Image: Lorie Schall via Flickr.

Let's travel to the future, about 18 months from today, to a presidential debate between President Trump and whichever candidate the DNC finally throws its gold bricks behind.  Two alternate timelines exist: one where Trump has built the wall and an unlikely one where he has not.

In the first, Democrats will be crushed.  President Trump will remind them that they told the American people that the wall is "ineffective" and "expensive."  But crime has fallen; so have substance abuse-related deaths.  Illegal immigration is manageable for the first time in close to a century.  This Democratic nominee might argue that Trump failed to make Mexico pay for the wall.  His retort?  The U.S. has now officially negotiated lucrative trade agreements with our southern neighbor that have paid for the wall tenfold.  He may even mention the massive burden that illegal immigration costs Americans each year has been lifted.

In the second future, where somehow the wall hasn't been built, the Democrat will hound Trump and ask him why he did not deliver on his campaign promise.  Besides their own party's obstruction of the process, they will suggest that the president is not able to get things done with bipartisan support.  They could even suggest that is they, if elected to replace President Trump, who will really get the job of a border wall done.  Based on the Democratic support for border barriers in the past, it's within the realm of possibility that they will readopt the platform issue since it's still the number-one issue voters care about.

The Democrats are against the wall because they know it will work.  Their concern isn't altruistic and about the morality of the wall; it is merely a point to set up and argue during the next election.  If they really believed that a wall would not work, they wouldn't stand in the way and let President Trump fail when it didn't deliver what we all know it will.  Lower crime.  Lower drug deaths.  Lower illegal immigration.  And lower taxpayer burden when government funds have been spent combating these problems.  They're fighting it because they cannot survive if the president, and America, succeeds.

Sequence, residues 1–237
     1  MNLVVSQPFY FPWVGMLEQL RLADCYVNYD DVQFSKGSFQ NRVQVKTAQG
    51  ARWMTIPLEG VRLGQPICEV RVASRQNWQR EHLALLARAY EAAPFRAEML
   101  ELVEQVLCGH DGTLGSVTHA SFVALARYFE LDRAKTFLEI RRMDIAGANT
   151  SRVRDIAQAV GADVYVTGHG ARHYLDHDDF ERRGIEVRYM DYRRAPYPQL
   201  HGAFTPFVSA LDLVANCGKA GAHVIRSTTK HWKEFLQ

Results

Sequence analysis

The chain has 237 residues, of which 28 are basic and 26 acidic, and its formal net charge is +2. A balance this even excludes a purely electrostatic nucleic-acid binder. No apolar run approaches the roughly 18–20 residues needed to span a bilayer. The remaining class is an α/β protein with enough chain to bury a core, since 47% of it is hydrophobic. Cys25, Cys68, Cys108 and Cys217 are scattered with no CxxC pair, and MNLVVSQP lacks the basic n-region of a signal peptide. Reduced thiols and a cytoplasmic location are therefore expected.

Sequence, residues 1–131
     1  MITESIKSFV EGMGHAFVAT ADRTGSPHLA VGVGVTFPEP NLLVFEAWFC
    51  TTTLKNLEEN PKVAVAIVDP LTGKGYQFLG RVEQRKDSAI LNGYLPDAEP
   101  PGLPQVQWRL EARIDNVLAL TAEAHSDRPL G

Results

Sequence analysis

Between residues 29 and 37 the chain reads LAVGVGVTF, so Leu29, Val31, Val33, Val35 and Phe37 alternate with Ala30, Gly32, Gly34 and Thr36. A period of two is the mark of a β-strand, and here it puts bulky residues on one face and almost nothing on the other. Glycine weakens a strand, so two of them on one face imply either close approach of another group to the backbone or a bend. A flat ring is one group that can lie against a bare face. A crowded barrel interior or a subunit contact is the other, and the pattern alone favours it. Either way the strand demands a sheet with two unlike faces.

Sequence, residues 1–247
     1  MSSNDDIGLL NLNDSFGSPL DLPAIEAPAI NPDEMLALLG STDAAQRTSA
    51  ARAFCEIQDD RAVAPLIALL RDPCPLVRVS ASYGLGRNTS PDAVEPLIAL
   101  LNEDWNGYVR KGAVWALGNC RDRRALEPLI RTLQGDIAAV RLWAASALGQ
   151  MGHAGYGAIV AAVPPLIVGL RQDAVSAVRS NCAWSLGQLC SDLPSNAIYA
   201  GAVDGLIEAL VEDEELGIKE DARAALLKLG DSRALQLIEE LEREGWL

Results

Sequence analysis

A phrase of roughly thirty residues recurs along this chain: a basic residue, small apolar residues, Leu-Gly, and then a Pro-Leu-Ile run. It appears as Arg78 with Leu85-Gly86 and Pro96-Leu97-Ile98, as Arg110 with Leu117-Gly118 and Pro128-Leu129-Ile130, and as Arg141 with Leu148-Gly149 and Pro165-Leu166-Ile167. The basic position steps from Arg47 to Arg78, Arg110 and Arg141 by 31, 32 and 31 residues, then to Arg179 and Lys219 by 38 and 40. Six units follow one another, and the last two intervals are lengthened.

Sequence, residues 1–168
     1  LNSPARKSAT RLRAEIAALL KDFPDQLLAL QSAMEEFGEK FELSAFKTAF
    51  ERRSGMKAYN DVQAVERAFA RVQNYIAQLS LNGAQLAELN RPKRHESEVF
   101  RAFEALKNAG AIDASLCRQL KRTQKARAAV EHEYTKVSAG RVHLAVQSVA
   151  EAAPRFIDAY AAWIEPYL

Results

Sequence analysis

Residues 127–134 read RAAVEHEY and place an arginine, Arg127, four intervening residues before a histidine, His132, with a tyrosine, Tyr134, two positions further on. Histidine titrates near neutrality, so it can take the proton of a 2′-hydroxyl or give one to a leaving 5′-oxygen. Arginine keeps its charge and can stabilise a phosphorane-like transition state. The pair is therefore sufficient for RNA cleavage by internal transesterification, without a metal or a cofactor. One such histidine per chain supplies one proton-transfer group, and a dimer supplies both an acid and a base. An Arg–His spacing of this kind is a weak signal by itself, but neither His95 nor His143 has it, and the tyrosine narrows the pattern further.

The Democratic Party hasn't just suddenly developed a sense of fiscal responsibility when it claims that the wall is too expensive.  They wrote the book on wild spending, like sex ed for prostitutes or speaker of the House Nancy Pelosi's wild $100K tab of in-flight drinks and dinners.

When Democrats claim to be against the barriers because of their concern for DACA recipients and then simultaneously shoot down an offer for their stability, it should be a sign.  Then, when they claim that their opposition to the wall comes from some moral high ground, all Americans should be able to see through this poor argument, considering the high walls around their own homes.

On Friday afternoon, President Trump reopened the government with a continuing resolution for until mid-February.  He reiterated his determination to follow through on his options to secure the southern border.  To show that he is merciful, he is extending an olive branch to the House and Senate Democrats by giving them a chance fulfill their promise to negotiate when the partial government shutdown had ended.

However, having promptly reneged on their own promises, Nancy Pelosi and Chuck Schumer held a press conference shortly after the President's Rose Garden address, and Pelosi said, "I've been clear about the wall," at which Schumer helpfully clarified: "Democrats don't want the wall."

Democrats can't agree over any other of their own platform issues from health care to raising minimum wage, so why are they so carefully organized around opposition of the wall?  Because a wall would secure President Trump's re-election in 2020.  It is the last item to be checked off from a long list of promises that have been satisfied during President Trump's first term.

In this current reality, the wall will be built.  President Trump hasn't let the liberal media about a lost battle stop him from winning the war.  He has issued an ultimatum to Congress: secure $5.7B for the wall, or he will issue an emergency proclamation, which has already located $7 billion in various funds.  Either way, it's happening.

What we will witness now is either the Democratic Party supporting a bill with the funding as requested and when the next election roles around, they can at least pretend they helped procure the benefits that have followed.  Or they will continue to fight against it with even nastier means than we've witnessed yet.

Don't anticipate Democrats doing the smart thing and backpedaling on their fear-mongering and divisive politics now to save face as they work toward a secure border.  Instead, prepare for an even more desperate display of anti-American rhetoric and bald-faced denials of the problems we face from unfettered illegal immigration.  Democratic leaders care about only the votes, not the voters.

Image: Lorie Schall via Flickr.